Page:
Prescribed fires are planned and implemented by trained fire professionals. The ignition and timing of these prescribed burns is dependent on the weather and fuels meeting the parameters of the burn prescription.
Prescribed burning has a variety of purposes, including the reduction of fuel accumulations near developed areas, which helps reduce the threat of wildfires in and around Ozark National Scenic Riverways. It also benefits native species and habitats in a variety of ways. Native species are adapted to fire, and in many cases actually depend on fire in order to thrive. Prescribed fires help preserve native habitats such as glades and savannas, which can suffer from the encroachment of invasive woody species, and also improves the quality of forests and woodlands. Deer, turkeys, collared lizards and other species benefit from the use of fire to maintain or improve the habitat they depend on.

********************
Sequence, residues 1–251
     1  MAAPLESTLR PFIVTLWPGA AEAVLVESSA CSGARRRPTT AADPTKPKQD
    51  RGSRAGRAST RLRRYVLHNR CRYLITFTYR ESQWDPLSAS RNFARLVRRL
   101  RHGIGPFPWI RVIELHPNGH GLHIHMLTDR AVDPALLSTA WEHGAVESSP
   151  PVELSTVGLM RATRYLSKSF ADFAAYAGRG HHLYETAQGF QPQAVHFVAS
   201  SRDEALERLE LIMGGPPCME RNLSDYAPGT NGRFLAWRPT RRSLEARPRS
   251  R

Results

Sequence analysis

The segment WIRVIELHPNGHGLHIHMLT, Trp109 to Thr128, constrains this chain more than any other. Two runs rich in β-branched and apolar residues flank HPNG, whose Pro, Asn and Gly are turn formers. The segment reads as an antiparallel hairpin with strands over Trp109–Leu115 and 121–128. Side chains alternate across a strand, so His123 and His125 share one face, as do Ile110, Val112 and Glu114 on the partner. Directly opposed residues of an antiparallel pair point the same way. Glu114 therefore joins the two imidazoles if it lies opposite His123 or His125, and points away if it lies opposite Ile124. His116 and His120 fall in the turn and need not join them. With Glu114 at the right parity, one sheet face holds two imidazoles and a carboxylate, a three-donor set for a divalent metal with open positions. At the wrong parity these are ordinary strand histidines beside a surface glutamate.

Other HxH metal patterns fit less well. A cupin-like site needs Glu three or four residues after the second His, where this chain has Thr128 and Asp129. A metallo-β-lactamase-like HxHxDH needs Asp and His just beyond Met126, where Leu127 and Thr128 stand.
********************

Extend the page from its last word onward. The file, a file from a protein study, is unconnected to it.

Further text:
For more information about recent prescribed fires conducted by the fire management staff at Ozark National Scenic Riverways, select the links below:
- Denning Hollow Prescribed Burn
- Thorny Mountain Southwest Prescribed Burn
- Sweezie Hollow Prescribed Burn
- Welch Lodge Prescribed Burn
- Devils Well Prescribed Burn
- Alley Spring Prescribed Burn
- Longbay Prescribed Burn
- Peavine/Sweezie Hollow Prescribed Burn
- Stegall Mountain Prescribed Burn
- George Washington Carver National Monument Prescribed Burn
- Mill/Buzzard Mountain Prescribed Burn
- Thorny Creek Prescribed Burn
- Partney Prescribed Burn